To local people, it was a sacred ground; to the Voortrekkers, a landmark spot where they rested for a short while before continuing on their journey from Pretoria further north.
Fortune-hunters dreamed that the Kruger millions would turn up here but they found only the Stone Age tools of the prehistoric hunters who ambushed their prey in the poort (entrance) nearby.
It has been an excavation site where archaeologists have exposed the largest single accumulation of stone artefacts ever to be discovered in Africa.
But what was it that brought all these people to this plain on the northern outskirts of Pretoria? It is a tree unlike any other - a wild fig known all over the world as the Wonderboom (literally, miracle tree).
A 5,5 m diameter trunk at the heart of the Wonderboom is the remains of the original wild fig that began growing here over than 1 000 years ago. Branches of this trunk first spread out radially but gradually drooped towards the ground, where they sent out roots from which sprang a circle of new trunks.
In time, two of the offspring produced a third generation. Today the Wonderboom has 13 distinct trunks that cover an area of 1,5 ha. The branches spread over an area of 50 m, and can provide enough shade for over 1 000 people. A typical example of the species Ficus salicifolia? Not so, say the experts.
The wild fig is a hardy tree flourishing in open woodlands, on rocky hills and outcrops, and near streams and rivers. The bark of the young trees is smooth and a pale grey, while the bark of older trees is rougher and darker. The leaves are thick and leathery, and the tiny white fruits, only about 5 mm in diameter, become a yellowish-pink colour when they ripen between August and May.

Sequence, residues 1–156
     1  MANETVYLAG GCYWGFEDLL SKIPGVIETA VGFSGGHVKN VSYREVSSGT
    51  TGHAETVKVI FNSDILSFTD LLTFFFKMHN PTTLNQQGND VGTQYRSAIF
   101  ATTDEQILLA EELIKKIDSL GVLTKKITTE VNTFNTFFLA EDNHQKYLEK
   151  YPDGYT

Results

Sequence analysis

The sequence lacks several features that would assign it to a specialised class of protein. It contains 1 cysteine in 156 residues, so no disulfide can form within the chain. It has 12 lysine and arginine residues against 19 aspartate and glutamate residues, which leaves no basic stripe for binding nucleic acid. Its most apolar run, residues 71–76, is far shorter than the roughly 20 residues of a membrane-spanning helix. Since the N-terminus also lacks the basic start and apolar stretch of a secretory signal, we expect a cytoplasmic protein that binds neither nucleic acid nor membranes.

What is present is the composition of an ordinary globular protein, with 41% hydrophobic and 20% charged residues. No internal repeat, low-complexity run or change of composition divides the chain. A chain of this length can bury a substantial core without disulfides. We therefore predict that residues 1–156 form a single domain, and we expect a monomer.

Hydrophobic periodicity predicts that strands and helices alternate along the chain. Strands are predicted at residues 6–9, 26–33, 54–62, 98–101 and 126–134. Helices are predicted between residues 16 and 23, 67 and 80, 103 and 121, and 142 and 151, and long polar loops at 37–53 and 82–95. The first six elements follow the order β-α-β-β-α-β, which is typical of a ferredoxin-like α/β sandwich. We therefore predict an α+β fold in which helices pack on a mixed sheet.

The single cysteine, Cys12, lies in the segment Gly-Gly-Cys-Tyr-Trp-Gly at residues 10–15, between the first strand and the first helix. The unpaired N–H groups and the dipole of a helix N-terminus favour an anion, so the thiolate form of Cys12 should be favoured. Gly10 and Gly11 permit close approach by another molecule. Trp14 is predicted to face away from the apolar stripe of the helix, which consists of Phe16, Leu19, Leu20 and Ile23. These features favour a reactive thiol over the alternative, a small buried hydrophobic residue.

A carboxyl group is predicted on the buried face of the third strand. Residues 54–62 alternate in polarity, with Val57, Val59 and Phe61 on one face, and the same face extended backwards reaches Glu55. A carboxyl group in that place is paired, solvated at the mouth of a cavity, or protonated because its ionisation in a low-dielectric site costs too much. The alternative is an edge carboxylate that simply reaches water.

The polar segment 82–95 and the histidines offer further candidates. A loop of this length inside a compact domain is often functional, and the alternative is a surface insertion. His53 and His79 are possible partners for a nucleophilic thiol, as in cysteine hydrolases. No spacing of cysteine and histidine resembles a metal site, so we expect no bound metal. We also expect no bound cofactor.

But while the Ficus salicifolia seldom grows higher than 9 m, the Wonderboom stands taller 23m. In addition to its great height, the way in which it has extended itself makes it an extremely rare natural phenomenon whose protection against the ravages of man is of great importance.
The tree was probably the safest during the period when only local people knew of its existence. They were animists, adherents to a primitive world view that attached spiritual significance to natural objects and phenomena.
Because the tree was so very unusual, they considered it sacred and allowed it to flourish without bothering it.
The tree was discovered in 1836 by the Voortrekkers, under Hendrik Potgieter, who named it the Wonderboom. After Potgieter, several other groups of Voortrekkers stopped at this tree, and the site continues to have a special significance for South Africans who identify with Voortrekker history.
Other Pretoria Parks & Gardens provide an excellent opportunity to enjoy nature.